English Fiction Books I’m Going to Read Before I Die (Kick the Bucket)!

3 Big Reasons Why the English Language is More Relevant Than Ever!

Whether we like it or not, I think at this stage we have to admit that there’s no denying the importance of the English language. It started spreading around the world with the onset of the British Empire, and as it currently stands, it’s the lingua franca of the world. (more…)

11 Things English Fluency Has Given Me

Now that I can communicate in English with ease, I take everything that comes with it for granted. Looking back in time, however, I can clearly see that many aspects of my life in an English speaking country AND my personal life in general weren’t as fulfilled as these days. Even such a simple task as asking for price of roast chicken in a supermarket would make my heart race with the prospect of stuttering and not being understood properly! :mad: Here’s a list I came up with when trying to list as many advantages of being a fluent English speaker as I possibly could. The list is not exhaustive by any means, but it does paint a pretty clear picture of what an average foreign English speaker can achieve when possessing good English communication skills! And please don’t get me wrong – I didn’t create this list to brag about my fluency and make those who haven’t achieved it yet, feel bad about themselves. This list is rather intended to serve as a reminder of what awaits you at some stage in the future IF you’re among those foreigners still struggling with fluency! (more…)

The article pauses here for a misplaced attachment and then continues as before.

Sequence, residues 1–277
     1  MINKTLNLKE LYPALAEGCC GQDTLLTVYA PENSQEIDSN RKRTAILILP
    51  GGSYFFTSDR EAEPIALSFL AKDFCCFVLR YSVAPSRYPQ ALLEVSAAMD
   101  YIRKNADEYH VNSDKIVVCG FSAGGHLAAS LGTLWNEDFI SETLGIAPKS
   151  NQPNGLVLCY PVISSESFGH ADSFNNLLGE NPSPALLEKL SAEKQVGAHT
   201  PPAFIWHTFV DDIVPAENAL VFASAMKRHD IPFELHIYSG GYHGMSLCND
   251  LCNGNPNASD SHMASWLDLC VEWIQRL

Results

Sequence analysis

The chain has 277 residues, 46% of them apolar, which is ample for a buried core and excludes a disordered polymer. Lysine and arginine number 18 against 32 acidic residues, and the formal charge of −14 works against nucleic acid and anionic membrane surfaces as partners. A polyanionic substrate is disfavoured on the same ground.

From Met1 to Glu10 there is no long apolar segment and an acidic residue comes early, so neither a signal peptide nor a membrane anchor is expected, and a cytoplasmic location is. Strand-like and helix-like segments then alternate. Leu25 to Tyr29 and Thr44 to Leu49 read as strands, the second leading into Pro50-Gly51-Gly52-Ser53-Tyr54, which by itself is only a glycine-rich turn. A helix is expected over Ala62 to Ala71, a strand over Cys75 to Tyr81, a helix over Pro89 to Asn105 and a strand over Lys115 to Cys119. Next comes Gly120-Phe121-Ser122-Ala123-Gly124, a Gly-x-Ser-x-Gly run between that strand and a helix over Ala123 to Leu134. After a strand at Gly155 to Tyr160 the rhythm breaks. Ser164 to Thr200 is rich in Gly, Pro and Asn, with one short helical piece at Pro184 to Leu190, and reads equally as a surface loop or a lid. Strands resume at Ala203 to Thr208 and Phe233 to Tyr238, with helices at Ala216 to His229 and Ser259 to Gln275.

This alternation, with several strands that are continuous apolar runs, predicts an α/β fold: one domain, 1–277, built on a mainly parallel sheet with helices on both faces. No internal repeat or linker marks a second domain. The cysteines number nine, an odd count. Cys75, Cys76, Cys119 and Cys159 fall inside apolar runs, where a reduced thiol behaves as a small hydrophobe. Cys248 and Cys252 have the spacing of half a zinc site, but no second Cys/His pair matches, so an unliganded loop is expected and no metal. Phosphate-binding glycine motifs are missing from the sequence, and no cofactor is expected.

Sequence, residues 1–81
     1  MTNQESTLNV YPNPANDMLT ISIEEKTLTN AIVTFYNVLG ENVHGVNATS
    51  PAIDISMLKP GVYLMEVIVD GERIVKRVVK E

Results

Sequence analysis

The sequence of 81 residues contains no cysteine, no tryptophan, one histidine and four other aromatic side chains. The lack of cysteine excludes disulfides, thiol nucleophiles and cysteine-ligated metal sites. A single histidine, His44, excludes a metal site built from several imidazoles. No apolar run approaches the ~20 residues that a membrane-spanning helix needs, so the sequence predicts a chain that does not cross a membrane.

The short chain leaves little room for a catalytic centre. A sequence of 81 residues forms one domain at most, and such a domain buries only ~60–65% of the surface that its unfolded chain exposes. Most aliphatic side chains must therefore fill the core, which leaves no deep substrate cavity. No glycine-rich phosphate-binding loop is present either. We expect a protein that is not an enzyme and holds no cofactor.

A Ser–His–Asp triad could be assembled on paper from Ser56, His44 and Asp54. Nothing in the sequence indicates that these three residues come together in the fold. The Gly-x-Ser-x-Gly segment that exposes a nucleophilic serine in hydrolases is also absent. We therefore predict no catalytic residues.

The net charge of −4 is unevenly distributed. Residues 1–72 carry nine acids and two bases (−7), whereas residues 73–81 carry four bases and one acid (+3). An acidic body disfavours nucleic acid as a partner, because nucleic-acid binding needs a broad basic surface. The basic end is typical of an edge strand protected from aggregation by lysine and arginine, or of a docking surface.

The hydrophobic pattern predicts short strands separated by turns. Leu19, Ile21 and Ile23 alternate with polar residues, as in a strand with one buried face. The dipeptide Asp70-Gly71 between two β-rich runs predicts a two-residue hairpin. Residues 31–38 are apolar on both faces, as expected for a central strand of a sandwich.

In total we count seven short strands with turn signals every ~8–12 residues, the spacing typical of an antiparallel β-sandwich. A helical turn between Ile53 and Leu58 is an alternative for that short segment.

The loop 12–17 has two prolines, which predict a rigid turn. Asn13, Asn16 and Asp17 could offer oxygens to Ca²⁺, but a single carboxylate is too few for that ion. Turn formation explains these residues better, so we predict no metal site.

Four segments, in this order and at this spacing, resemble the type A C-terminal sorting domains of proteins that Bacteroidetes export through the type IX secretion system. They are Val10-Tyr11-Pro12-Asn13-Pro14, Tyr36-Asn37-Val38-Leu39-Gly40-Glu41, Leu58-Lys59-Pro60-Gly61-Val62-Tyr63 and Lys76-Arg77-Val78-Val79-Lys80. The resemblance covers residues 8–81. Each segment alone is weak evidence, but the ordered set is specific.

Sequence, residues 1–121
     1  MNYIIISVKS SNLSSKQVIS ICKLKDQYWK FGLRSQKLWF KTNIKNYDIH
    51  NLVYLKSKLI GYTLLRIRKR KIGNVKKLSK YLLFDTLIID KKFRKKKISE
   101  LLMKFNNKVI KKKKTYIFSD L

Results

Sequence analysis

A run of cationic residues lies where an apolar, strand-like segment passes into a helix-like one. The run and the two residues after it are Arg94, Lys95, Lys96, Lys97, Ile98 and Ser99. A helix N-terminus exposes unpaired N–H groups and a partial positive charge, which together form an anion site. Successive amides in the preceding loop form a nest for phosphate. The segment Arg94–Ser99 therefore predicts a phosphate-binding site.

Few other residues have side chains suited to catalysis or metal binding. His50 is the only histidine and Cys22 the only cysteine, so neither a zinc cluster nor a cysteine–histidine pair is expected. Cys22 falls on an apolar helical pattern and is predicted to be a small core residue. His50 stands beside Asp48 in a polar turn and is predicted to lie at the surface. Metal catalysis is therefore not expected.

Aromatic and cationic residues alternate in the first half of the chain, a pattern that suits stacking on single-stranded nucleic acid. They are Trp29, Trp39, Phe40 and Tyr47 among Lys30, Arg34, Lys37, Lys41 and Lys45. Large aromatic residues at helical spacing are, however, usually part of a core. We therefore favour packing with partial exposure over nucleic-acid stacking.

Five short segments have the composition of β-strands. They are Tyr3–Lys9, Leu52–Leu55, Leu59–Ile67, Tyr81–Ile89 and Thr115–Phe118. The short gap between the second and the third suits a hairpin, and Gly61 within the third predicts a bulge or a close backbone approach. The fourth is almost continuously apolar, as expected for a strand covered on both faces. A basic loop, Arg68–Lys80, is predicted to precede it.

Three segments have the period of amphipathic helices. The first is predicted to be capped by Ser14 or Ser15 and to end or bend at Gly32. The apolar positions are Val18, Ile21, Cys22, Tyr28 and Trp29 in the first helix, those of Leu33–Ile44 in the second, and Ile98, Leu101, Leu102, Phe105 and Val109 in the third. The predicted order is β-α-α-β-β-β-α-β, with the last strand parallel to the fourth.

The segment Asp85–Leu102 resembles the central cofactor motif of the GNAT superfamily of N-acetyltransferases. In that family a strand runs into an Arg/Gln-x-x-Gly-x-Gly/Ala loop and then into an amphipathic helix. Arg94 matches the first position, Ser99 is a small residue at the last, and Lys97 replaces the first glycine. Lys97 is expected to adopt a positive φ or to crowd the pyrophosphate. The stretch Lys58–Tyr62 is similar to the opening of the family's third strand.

Shame Is The Enemy #1 Of All Foreign English Speakers!